In addition to taking care of her employees, Marci has also implemented a $2 meal program that provides struggling families, and anyone who needs food, with affordable meals. It started with children’s meals and expanded for anyone in need. “When they decided that they were going to close the schools, I realized that this is going to be a huge hardship on a lot of parents,” Marci said. Anyone can call and order meals. “We want anyone and everyone who is hungry in this community to be fed,” Marci stressed. “We’re taking the concept of paying it forward with community donations to support those in need.” To her surprise, after DJ Tommy Black notified her that he wanted to buy 50 meals to be given out, others followed suit, including several local motorcycle groups. Marci ended up with 7,000 sponsored meals. “So, to be honest with you, I haven’t actually had to sell a $2 meal yet,” she said. Donations are still being accepted to help support this program. In addition, an anonymous donor gave Revolution 120 a very large sum of money, Marci said, for grants for unemployed servers and bartenders to pay their utility bills.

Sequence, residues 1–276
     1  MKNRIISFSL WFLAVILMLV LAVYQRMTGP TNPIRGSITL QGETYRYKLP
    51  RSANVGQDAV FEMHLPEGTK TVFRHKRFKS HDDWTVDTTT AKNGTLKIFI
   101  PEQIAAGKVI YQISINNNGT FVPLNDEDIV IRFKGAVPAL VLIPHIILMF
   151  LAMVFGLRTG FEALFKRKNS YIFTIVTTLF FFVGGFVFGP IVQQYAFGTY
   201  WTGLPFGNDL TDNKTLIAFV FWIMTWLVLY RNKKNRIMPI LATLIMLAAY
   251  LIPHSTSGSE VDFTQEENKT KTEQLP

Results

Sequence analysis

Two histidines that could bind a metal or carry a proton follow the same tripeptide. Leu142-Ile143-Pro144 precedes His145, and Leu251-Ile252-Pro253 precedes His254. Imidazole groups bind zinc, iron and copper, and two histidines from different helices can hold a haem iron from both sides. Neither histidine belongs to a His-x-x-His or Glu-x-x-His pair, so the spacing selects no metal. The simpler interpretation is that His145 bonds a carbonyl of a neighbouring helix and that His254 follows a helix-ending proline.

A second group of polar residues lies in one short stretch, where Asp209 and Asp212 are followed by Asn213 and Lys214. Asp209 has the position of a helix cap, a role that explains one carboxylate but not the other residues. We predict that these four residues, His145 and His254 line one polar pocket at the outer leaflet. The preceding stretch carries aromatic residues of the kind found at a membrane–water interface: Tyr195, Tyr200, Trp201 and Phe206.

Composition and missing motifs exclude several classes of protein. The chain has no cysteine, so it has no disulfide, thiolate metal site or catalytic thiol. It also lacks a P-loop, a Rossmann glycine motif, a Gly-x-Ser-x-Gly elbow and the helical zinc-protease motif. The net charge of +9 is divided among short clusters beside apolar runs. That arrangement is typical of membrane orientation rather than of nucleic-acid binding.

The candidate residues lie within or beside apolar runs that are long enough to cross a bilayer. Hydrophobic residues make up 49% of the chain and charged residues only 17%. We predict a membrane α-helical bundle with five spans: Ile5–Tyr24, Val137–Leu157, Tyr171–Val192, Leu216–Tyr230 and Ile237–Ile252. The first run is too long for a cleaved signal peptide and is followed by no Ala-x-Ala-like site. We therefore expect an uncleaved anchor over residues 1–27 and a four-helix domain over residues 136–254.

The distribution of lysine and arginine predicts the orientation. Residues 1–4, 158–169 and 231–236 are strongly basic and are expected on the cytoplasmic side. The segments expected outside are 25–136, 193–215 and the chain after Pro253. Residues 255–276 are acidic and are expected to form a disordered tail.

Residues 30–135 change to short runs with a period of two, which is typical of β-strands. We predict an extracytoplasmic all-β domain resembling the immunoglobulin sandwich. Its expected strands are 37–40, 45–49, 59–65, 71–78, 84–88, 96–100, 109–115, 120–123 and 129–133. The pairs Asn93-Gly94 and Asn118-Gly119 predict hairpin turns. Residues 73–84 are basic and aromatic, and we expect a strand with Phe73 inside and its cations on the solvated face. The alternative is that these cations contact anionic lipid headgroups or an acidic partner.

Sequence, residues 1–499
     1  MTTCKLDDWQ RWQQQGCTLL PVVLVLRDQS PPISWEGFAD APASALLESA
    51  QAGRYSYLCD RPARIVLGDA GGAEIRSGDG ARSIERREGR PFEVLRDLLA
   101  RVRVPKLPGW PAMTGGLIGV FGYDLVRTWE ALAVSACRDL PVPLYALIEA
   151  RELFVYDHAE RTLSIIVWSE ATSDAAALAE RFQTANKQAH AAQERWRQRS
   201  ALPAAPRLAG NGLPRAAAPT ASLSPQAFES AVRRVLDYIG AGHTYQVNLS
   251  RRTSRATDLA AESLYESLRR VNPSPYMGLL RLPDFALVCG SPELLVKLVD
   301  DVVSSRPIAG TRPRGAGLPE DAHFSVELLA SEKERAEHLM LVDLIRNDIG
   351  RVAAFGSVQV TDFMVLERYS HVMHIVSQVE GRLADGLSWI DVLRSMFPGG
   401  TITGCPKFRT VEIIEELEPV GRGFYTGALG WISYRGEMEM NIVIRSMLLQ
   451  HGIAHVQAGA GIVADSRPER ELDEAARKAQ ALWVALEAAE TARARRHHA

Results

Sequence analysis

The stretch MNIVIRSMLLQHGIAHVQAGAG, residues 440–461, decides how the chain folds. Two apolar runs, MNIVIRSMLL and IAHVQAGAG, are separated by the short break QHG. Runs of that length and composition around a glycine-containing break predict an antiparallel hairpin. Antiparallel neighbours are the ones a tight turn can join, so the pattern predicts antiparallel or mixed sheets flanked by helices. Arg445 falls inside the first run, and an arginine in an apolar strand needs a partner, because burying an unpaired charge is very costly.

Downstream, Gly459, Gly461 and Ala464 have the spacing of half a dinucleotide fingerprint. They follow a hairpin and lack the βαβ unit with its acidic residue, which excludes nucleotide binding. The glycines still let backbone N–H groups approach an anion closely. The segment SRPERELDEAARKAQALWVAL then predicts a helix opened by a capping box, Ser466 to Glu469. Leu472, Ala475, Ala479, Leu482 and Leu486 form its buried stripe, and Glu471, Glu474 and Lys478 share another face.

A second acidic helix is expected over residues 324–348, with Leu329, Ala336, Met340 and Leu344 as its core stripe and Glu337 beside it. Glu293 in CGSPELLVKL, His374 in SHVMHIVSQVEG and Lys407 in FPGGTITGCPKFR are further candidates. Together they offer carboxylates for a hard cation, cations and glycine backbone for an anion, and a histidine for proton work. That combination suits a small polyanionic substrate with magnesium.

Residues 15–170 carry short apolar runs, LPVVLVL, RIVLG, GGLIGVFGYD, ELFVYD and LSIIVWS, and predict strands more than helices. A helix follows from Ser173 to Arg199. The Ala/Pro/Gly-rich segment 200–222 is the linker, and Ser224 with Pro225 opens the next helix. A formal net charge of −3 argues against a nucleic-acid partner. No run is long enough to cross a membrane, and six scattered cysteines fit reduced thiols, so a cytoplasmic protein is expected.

Las Cruces Orange Crate delivery service, owned by Heather Chandler, volunteered time and resources for two days during the week of March 23.
Heather decided to contact Marci and arranged to deliver the sponsored meals to children across Las Cruces. “We wouldn’t have been able to do it without them,” said Marci. Heather reached out to families on Facebook and compiled a list of people in need. One of her head drivers, Naomi, arranged routes for the other drivers and made sure they had enough meals for each stop. Her employees took two days off to give back to the community. “Instead of working and being paid, they picked up approximately 300 meals and delivered them free of charge,” said Heather. They received a lot of positive feedback, from kids running to answer the door to photos from parents of their children enjoying their spaghetti dinners. Naomi was told by one of the parents that this was the first time her kids had eaten in 18 hours. Heather said she plans to arrange more free delivery days with Marci and The Game and will continue to offer free delivery vouchers throughout the year.